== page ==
Doctor insights on:
Long Term Effects Of Medication On Kidney Transplant Patients
Is it possible for a chronic kidney stage 5 patient to prolong dialysis and kidney transplant by just specialised medication and strict diet?
Yes: Yes; an appropriate (but relatively strict) diet would have to be adhered to as recommended by your nephrologist. Exercise and hydration are equally important. Stage v renal disease, however is near " end-stage" and will likely progress into renal failure at some time. Peritoneal dialysis is an extremely appropriate, and oftentimes under used/recommended option, especially for younger patients l. ...Read more
In medicine: a transfer from one body or body part to another of an organ (liver, heart, lung, kidney, pancreas bowel) or tissue (hand, face, hair). The immune system fights foreign invaders (like infections) so it will reject transplants from other people (allotransplants) because they look like infections. So transplants usually require drugs to ...Read more
If a kidney transplant fails after 3 years, can the patient go back to dialysis to stay alive? Do the immunosuppressant medications need to be cont?
No: The sole purpose for the immunosuppression is to keep the body from rejecting the graft and thus there is no reason to keep taking it if the transplant is no longer functioning. Yes you will need to get dialysis while waiting for another transplant. Best to check with your nephrologist to see if there may still be some residual function in the transplant before you stop the IS drug. ...Read moreSee 1 more doctor answer
What do doctors consider when looking at the amount of immune suppression drugs used for a kidney transplant patient?
Many Considerations: There are many issues that can affect the amount of immunosuppression given to a recipient. The relationship between the donor and the recipient, the specific donor kidney source, the age of the recipient, the liver and bone marrow function, prior use of immunosuppressive drugs, prior cancer or infections, are just some of the medical variables that play a role. ...Read moreSee 2 more doctor answers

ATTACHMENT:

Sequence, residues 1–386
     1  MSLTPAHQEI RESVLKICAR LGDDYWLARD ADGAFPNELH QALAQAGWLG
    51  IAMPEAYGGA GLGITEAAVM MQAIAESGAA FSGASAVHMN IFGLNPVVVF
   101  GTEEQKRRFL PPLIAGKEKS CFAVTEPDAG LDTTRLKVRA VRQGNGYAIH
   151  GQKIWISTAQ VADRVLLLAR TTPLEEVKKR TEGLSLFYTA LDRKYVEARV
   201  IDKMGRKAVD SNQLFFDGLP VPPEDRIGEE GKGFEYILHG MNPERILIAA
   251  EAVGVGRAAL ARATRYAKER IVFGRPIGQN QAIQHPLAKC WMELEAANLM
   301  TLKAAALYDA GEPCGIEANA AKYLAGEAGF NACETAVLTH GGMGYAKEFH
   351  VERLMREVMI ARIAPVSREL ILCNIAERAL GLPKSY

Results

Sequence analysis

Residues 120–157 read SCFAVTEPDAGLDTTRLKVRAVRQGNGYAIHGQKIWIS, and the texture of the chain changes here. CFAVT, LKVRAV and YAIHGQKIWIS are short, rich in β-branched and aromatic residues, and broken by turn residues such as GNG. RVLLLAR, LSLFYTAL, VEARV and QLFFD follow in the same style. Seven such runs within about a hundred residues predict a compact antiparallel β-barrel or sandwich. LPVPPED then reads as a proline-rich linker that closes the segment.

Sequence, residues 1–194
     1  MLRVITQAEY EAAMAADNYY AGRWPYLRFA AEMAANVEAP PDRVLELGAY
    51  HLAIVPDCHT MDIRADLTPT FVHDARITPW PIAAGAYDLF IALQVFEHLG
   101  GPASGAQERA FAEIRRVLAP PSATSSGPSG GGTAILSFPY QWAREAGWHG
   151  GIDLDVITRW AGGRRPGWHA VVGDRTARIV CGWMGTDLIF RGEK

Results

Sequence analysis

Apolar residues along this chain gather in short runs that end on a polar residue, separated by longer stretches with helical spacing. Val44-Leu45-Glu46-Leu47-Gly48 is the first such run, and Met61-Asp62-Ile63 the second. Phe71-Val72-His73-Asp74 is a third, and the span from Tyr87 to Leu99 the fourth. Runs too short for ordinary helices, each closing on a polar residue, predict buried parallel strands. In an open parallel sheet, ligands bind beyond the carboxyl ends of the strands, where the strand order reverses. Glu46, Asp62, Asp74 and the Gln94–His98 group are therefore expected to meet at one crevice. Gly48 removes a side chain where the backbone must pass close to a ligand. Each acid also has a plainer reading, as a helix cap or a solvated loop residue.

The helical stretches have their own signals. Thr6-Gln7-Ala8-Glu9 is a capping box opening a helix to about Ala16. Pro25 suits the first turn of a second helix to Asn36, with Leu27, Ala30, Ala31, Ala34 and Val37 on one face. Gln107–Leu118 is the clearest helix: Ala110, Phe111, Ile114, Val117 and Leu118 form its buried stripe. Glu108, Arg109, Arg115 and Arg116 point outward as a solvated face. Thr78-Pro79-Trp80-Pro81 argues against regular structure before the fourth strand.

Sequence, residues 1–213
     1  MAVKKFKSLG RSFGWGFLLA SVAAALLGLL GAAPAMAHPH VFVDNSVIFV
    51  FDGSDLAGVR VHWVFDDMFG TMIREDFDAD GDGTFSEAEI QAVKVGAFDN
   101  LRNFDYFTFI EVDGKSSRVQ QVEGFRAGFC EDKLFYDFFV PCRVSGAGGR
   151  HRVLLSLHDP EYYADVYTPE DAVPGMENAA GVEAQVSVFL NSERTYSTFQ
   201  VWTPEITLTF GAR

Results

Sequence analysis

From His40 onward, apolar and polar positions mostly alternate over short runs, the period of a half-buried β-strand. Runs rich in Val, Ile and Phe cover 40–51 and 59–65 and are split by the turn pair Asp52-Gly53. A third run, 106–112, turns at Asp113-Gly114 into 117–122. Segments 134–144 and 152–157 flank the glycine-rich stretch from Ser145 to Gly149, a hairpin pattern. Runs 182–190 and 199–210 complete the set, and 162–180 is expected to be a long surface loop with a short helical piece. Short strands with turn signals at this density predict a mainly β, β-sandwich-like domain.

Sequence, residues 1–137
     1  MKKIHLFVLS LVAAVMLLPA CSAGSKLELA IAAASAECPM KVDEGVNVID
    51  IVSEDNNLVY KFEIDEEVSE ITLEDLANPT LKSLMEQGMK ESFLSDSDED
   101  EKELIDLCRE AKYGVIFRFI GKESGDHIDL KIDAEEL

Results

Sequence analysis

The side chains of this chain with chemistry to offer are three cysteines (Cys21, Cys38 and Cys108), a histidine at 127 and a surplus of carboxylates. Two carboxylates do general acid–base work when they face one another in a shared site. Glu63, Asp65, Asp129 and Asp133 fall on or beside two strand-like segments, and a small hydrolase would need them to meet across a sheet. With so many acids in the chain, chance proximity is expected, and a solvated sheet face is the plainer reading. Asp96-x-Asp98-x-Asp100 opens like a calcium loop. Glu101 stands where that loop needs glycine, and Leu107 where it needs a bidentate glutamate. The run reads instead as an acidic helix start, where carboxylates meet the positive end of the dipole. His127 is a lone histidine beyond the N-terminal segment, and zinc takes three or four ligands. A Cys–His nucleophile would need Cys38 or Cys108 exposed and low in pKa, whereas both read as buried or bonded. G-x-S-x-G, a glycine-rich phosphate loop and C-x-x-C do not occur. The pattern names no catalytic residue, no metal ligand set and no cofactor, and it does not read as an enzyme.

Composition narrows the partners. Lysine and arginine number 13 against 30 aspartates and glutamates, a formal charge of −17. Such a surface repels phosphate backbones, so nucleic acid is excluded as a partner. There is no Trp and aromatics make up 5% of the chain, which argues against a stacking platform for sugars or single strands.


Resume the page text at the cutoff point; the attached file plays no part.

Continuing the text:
Pseudoephedrine: It's always best to limit medications used by a transplant patient. Only take a drug if truly necessary. If symptoms of nasal congestion are not linked to fever, sinus tenderness or thick drainage, the infection may be just a typical viral illness, or a "cold". These nasal congestion symptoms may be improved with the drug Pseudoephedrine - in modest doses. If symptoms persist, see a provider. ...Read moreSee 1 more doctor answer
I'm a Male and undergone Kidney Transplant patient 2 years back, me and my wife trying to conceive and worried about the side effects of the medicine?
Proceed with plan...: Congratulate for surviving well through successful kidney transplant and come to run another hurdle of life - procreation. To move on, everyone has to face and accept the available truth and facts of life so to proceed with plan to materialize your wish for m=baby-making since their is no way to avoid who and what you are. More? Ask your kidney-transplanting doctor and nephrologist. Best wish... ...Read more
Risks involved: Thank you for your question. All medications can affect how your transplant medications work. Kidney rejection due to not enough medication is possible. Alternatively severe infection or kidney injury from too much medication is also possible. Higher blood pressure is often seen with hormone therapy and that too may cause your transplant kidney to incur damage. Close monitoring would be needed. ...Read more
Not safe at any age: Kidney transplants are only performed for people who are in very stable medical conditions. Dialysis is used to replace kidney function for people in comas or other types of emergent circumstances. If they survive, they are carefully evaluated + educated as transplant candidates. At any age, the patient must be expected to "survive + thrive" the txp long enough to justify the use of the kidney. ...Read moreSee 1 more doctor answer
Kidneys anatomically require connection to an artery for blood supply, a vein for blood drainage and the bladder for urine outflow. In a transplant a healthy kidney is disconnected from its usual attachments and moved to a new location with those 3 requirements (artery, vein, bladder). This may be an auto-txp - somewhere else in your own body; or an allo-txp -from ...Read more
The kidneys are paired organs that lie on either side of the vertebral column. Part of their critical functions include the excretion of urine and removal of nitrogenous wastes products from the blood. They regulate acid-base, electrolyte, fluid balance and blood pressure. Through hormonal signals, the kidneys control the ...Read more
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